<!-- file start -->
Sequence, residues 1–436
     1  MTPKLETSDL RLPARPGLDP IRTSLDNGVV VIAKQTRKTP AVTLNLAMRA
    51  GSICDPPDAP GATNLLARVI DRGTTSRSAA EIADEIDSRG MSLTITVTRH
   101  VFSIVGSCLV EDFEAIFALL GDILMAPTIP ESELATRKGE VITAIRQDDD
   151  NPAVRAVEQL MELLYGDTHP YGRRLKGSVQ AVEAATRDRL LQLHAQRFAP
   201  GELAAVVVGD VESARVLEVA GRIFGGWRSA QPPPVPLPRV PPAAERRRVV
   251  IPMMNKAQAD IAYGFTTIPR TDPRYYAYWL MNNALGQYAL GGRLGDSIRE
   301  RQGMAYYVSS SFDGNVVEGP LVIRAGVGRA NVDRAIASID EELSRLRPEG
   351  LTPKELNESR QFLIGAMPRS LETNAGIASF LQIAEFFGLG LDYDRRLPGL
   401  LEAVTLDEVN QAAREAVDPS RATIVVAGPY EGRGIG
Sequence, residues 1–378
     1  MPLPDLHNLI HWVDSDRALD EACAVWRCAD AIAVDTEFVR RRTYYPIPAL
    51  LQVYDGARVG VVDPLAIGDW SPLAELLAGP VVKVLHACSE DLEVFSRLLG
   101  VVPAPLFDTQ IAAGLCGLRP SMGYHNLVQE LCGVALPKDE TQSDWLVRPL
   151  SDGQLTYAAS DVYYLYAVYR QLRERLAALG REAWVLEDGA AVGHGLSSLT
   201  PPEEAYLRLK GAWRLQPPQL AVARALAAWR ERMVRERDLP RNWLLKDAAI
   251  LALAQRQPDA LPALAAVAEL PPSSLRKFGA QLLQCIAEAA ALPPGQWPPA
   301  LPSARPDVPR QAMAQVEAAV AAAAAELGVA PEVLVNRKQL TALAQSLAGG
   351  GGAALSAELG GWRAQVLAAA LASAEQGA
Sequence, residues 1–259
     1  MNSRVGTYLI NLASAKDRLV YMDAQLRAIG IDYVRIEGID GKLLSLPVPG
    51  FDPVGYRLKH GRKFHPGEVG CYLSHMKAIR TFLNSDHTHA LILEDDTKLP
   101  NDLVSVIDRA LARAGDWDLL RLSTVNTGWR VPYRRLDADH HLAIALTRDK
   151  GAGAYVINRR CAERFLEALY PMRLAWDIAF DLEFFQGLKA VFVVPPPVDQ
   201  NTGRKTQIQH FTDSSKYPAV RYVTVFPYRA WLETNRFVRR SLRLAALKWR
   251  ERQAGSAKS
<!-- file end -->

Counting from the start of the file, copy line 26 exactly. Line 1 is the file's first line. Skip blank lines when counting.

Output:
   251  ERQAGSAKS